Well, the point here is – these are some failed attempts by Modi, the prime minister. No doubt in that. There is one bad advisor to Modi, who thought the majority in Lok Sabha means the government can do whatever it wants. In fact, the government could very well talk to others and take the opposition into confidence. However, in the present atmosphere, it is not possible. As Rahul Gandhi declared, it is the responsibility of the government to ensure the parliament functions. With that mindset, things won’t improve. And, Modi won’t be wasting time with pretentious niceties. He would try ten, If four of them failed, so be it. Six have worked. The opposition may go the people speaking only about four failed attempts – which have not caused any damage to anyone. They won’t get votes. Modi will go to the people and talk about six achievements, some of them helped someone. He will get votes.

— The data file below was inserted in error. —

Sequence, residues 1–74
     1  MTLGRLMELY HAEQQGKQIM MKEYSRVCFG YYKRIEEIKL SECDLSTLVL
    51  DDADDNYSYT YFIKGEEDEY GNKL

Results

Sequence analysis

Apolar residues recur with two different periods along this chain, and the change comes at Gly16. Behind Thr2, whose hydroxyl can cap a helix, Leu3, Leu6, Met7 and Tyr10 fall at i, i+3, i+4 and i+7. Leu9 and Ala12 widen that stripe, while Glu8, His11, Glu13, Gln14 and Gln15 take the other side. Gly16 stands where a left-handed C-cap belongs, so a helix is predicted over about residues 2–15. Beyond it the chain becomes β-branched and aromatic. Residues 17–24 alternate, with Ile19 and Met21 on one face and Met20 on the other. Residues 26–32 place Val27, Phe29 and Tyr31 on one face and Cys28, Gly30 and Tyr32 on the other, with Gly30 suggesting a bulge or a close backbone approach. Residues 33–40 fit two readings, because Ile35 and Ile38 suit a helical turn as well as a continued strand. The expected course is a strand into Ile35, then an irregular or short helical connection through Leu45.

Meanwhile, Rahul Gandhi transformed the principal opposition party into a bunch of trolls. All they do from morning to evening, day in and day out, was sarcastically comment on Modi, which is nothing but trolling. Even after tweeting a lot, the Amul Baby cries his Twitter followers are not increasing – like it that is the major issue for the opposition. Priyanka Vadra, who took on women’s issues had gone mute when a girl was raped in Rajasthan and one Congress woman minister absolved the state government by blaming the society. Does she think people don’t notice these – strategic silences? Well, those days have gone. People sit and take notice of things – whether rapists were killed in an encounter, as it happened in Telangana; or the state government disappears when a girl student commits suicide alleging religious conversion attempts by her teachers, as it is now happening in Tamil Nadu.